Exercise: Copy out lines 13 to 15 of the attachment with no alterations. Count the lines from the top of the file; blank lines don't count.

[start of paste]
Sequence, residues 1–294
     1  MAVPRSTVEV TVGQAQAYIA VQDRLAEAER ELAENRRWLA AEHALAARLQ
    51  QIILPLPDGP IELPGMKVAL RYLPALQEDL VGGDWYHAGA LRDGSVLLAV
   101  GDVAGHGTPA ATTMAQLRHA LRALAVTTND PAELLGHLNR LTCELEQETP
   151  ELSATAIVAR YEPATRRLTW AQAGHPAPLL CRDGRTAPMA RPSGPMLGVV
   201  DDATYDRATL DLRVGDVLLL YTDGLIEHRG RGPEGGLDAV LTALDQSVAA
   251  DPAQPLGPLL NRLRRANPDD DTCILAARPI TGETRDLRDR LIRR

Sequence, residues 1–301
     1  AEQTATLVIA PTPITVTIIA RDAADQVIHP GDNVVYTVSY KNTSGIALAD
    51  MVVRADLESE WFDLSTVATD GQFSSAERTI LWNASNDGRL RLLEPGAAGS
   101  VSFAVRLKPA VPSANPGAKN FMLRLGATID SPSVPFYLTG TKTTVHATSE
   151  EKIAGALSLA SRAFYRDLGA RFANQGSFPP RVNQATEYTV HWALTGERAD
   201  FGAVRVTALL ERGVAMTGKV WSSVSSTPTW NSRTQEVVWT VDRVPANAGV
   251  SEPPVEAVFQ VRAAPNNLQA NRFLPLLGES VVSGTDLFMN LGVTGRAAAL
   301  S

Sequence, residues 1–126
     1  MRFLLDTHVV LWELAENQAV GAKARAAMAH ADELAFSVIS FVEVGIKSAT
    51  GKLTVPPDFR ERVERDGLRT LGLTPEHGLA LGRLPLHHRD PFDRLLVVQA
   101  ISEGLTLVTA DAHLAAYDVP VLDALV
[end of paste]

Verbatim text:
   201  FGAVRVTALL ERGVAMTGKV WSSVSSTPTW NSRTQEVVWT VDRVPANAGV
   251  SEPPVEAVFQ VRAAPNNLQA NRFLPLLGES VVSGTDLFMN LGVTGRAAAL
   301  S